Kickstarter opened here in November last year and it's been a Godsend. Developers around the country quickly got on board the service and have successfully Kickstarted several titles currently in various stages of completion. There's no DoubleFine-esque Kickstarter miracle stories to be found here, but we don't have to deal with San Francisco rents to pay or DoubleFine-level expectations to match.
Two local Kickstarter successes that come to mind are Collateral, a Fifth-Element meets Quarantine esque racing / action hybrid, and the pseudo-reboot of Syndicate Wars, Satellite Reign, which earned over $800,000 in its Kickstarter campaign and continues to draw interest.
By the time this goes to press Disparity Games’ Ninja Pizza Girl will have started its Kickstarter campaign and we’ll be anxiously watching its progress. We’re asking for a fraction of the money that Satellite Reign needed, but selling a new IP is always a tough prospect in any creative environment.
PAX opening their Australian show in Melbourne last year was another big deal for many reasons. First of all it was confirmation that we actually mattered. It’s hard to explain to my overseas friends just how much we feel like an afterthought in the games industry - a region controlled by frustrating geo-locks and brash price gouging. All of a sudden we had a PAX with real international guests, international press and a chance to prove our worth to the world.
It was the first time we all got together in years to see that there's a lot of good game development going on. A thriving local industry scene drew in great crowds, with Oculus Rift-enabled Lunar Flight and innovative comic-themed puzzle game Framed drawing the most attention. Each of them have gone on to considerable success since getting attention from the outside word at PAX. Witch Beam used its literal last-minute inclusion of Assault Android Cactus onto PAX Australia showfloors to snowball interest into a several successful appearances at GDC and E3 this year. It’s a story that was repeated all around the show - we’re doing cool stuff, all we want is a chance to show you.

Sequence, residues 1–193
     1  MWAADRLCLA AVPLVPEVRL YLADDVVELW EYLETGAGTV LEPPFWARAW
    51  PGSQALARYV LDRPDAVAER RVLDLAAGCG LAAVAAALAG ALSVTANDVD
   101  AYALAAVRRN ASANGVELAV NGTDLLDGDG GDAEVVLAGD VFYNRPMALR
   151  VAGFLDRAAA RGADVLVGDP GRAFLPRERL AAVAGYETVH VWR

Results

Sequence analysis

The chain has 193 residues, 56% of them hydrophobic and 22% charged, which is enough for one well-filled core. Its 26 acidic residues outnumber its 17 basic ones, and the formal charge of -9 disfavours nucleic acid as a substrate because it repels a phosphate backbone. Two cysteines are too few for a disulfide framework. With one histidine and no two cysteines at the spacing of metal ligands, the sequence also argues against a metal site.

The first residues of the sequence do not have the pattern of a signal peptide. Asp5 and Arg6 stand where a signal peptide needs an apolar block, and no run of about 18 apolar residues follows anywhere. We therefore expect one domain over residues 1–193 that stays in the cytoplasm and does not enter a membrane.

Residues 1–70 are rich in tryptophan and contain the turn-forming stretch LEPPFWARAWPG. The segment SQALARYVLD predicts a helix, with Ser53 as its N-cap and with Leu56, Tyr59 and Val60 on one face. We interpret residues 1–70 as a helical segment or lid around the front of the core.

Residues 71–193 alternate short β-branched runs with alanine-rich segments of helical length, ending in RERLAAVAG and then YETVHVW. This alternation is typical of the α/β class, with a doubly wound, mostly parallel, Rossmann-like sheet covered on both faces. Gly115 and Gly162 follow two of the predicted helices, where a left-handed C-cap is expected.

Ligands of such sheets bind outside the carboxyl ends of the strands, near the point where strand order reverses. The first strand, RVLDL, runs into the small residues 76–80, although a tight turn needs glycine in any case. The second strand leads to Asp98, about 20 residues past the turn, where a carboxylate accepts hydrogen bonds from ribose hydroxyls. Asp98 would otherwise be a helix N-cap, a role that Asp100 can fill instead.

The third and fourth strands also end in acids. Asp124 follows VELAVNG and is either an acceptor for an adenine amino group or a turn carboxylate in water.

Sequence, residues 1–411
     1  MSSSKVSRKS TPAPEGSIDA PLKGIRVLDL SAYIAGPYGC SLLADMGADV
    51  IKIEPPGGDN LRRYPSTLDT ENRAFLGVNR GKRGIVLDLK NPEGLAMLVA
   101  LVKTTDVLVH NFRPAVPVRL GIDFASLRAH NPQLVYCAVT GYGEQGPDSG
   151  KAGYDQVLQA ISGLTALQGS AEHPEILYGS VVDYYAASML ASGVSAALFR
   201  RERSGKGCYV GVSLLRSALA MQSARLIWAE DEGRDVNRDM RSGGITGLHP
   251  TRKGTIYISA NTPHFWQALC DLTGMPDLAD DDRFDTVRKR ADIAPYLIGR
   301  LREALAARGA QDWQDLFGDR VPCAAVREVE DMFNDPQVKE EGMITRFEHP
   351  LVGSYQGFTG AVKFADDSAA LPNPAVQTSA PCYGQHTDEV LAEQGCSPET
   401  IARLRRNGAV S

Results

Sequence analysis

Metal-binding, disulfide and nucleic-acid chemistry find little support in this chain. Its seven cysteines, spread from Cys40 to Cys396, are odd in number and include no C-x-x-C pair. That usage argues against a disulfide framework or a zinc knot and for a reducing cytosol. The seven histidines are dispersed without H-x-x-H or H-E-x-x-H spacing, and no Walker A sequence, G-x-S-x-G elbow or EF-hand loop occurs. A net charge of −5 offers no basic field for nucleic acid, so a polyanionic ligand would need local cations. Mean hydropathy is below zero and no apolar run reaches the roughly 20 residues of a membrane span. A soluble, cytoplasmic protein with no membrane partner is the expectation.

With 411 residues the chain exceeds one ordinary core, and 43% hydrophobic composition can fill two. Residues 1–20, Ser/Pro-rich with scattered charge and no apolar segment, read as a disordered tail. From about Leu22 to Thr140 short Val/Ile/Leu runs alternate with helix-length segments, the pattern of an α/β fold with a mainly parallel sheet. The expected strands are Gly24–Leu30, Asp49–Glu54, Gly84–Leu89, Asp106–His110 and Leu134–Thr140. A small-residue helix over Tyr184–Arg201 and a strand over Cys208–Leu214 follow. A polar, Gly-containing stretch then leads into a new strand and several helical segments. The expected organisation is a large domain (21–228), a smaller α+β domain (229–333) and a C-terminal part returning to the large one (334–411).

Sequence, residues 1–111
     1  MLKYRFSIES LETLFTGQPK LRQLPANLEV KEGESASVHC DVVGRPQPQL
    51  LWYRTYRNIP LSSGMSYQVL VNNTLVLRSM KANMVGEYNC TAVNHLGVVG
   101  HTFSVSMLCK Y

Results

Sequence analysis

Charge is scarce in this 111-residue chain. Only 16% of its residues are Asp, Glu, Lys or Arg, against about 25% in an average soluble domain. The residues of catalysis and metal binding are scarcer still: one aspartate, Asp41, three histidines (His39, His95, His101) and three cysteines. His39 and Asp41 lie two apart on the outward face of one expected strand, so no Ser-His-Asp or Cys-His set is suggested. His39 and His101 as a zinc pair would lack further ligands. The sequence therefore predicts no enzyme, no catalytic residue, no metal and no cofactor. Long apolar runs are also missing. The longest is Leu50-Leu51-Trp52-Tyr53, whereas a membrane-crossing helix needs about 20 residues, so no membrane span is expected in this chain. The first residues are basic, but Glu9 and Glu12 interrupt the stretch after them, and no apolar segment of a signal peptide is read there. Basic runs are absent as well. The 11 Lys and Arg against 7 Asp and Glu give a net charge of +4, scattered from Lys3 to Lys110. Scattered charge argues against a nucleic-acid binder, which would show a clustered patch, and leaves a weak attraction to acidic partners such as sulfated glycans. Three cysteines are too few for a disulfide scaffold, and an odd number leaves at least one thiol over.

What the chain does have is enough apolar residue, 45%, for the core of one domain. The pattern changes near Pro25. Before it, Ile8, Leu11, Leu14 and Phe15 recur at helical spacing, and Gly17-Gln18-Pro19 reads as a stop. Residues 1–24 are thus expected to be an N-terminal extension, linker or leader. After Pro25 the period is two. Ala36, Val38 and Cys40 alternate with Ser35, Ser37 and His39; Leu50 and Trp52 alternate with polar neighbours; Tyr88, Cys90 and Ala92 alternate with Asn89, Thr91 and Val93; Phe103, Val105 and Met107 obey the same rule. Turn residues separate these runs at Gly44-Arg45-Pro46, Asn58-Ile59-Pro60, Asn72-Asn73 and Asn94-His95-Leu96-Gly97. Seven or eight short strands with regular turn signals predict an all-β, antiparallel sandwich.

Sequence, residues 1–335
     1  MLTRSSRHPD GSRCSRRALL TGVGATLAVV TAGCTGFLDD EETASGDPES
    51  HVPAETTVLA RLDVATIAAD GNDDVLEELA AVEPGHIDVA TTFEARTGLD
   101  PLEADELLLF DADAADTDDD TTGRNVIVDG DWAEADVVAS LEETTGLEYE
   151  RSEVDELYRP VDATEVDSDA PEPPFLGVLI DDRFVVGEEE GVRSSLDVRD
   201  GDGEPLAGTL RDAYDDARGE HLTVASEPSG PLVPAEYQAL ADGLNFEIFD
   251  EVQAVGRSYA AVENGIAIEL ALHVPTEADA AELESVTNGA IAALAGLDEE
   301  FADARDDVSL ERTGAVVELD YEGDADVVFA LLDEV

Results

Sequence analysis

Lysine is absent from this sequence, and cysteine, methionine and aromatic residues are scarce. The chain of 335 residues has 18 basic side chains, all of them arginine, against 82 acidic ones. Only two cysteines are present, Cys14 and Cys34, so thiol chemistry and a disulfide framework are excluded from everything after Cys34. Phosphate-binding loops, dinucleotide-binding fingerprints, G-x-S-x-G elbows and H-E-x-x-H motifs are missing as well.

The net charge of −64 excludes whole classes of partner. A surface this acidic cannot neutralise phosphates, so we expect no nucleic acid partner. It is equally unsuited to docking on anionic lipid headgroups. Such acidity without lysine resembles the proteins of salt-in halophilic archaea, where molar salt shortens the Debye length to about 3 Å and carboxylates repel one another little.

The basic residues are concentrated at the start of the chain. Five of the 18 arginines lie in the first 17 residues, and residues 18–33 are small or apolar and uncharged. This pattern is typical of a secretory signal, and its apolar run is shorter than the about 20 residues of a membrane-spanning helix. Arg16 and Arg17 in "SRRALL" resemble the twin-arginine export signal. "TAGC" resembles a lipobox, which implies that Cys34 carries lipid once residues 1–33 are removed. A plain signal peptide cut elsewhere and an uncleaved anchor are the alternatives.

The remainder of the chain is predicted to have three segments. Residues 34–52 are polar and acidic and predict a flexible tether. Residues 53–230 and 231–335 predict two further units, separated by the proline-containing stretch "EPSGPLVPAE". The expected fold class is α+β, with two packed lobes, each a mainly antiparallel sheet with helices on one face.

Thinking about the local games at PAX, it occurs to me that one of the things that makes the Australian scene so exciting is that not only have we ditched the traditional publisher model but we also seem to have walked away from the traditional types of games we were known for. For example Tin Man Games have made such a name for themselves with their Game Book apps that they’ve just recently nabbed the rights to the Fighting Fantasy series that started it all in the ‘80s. This wouldn’t have been possible ten years ago.
Sure, Australia hasn’t had a mega hit to show for ourselves lately, but the weather’s nice and people care about their work more than they have in years. I don’t know if Ninja Pizza Girl will be the game to put Australia back on the map, but we’ll be trying with a self-assured smile.